Inspired by the powerful eyes of the mantis shrimp, scientists have designed an imaging system that can distinguish between cancerous and healthy tissues during cancer surgery.
A study involving researchers at Karolinska Institutet and Gothenburg University in Sweden has found that low levels of a protein called PDGFRb are associated with particularly good results of radiotherapy in women with early-stage breast cancer. The study, which is published in the journal Clinical Cancer Research, also suggests that the efficacy of radiotherapy can be improved with drugs that block this protein.
Small changes in the structure of DNA have been implicated in breast cancer and other diseases, but they've been extremely difficult to detect -- until now. Using what they describe as a "chemical nose," UC Riverside chemists are able to "smell" when bits of DNA are folded in unusual ways.
The decision to prevent breast cancer through a risk-reducing mastectomy is based on a woman's lifetime risk of the disease as well as on quality-of-life issues. The dialogue should include consideration of nonsurgical options such as screening and medications, according to a new article in JAMA, coauthored by a surgical oncologist from The University of Texas Health Science Center at San Antonio.
A study presented at the ESMO Breast Cancer 2021 Virtual Congress has shown that breast cancer survivors differ widely in the burden of symptoms they experience after the end of treatment and thereby revealed an unmet need for tailored approaches to follow-up care.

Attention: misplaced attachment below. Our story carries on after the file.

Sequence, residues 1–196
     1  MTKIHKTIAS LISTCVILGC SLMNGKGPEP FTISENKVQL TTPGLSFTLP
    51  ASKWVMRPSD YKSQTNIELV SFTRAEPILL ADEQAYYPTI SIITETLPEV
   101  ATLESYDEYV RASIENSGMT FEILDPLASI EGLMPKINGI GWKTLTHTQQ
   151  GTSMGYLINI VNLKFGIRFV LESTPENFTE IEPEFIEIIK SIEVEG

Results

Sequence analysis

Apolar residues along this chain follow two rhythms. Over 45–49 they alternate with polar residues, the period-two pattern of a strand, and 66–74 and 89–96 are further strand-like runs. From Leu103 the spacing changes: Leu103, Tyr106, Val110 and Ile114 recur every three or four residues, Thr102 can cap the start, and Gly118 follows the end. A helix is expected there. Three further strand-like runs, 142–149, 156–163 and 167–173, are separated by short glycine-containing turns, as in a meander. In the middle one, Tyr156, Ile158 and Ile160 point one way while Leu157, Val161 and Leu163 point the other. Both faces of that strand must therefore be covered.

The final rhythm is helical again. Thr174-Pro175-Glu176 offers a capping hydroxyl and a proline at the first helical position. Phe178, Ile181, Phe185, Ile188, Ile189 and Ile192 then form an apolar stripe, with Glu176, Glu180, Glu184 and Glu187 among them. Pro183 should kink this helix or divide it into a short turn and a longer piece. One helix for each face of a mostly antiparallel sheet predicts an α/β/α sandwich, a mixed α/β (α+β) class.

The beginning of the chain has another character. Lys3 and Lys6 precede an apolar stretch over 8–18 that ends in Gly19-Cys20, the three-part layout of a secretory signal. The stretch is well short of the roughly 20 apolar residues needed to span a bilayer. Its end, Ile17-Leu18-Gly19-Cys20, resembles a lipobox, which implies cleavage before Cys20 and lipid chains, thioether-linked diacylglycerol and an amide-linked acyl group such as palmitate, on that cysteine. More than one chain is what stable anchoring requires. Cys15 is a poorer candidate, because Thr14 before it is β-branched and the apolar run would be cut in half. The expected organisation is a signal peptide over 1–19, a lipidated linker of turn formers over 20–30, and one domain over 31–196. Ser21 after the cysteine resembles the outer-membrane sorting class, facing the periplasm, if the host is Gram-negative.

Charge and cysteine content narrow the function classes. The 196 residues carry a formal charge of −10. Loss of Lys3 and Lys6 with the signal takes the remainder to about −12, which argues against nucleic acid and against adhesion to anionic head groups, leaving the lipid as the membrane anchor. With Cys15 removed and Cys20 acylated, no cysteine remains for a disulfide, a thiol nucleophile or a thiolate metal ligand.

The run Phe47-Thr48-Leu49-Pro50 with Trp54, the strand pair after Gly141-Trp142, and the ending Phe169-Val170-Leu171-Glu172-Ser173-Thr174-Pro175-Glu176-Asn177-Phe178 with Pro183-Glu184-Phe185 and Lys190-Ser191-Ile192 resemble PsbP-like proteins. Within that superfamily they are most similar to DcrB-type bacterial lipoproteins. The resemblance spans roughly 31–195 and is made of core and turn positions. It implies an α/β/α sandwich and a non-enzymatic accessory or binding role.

Medical researchers at Flinders University have established a new link between high body mass index (BMI) and breast cancer survival rates -- with clinical data revealing worse outcomes for early breast cancer (EBC) patients and improved survival rates in advanced breast cancer (ABC).
What The Study Did: Using insurance claims data, the change in screening rates for breast, colorectal and prostate cancers during the COVID-19 pandemic were estimated as well as the overall decline in cancer screening last year among the U.S. population.
Concerns about fertility often influence how young women with breast cancer approach treatment decisions and are a reason for forgoing or delaying hormone-blocking therapy, a new study by Dana-Farber Cancer Institute investigators shows.
Primary care practitioners often over-estimate the likelihood of a patient having a medical condition based on reported symptoms and laboratory test results. Such overestimations can lead to overdiagnosis and overtreatment, according to a recent study conducted by researchers at the University of Maryland School of Medicine (UMSOM) published in JAMA Internal Medicine.
Breast cancer diagnosis: 88 percent of patients survive the dangerous disease in the first five years. Work is important for getting back to normality. Researchers from the University of Bonn and the German Cancer Society investigated how satisfied former patients are with their occupational development over a period of five to six years. About half experienced at least one job change during the study period. Around ten percent of those affected even report involuntary changes.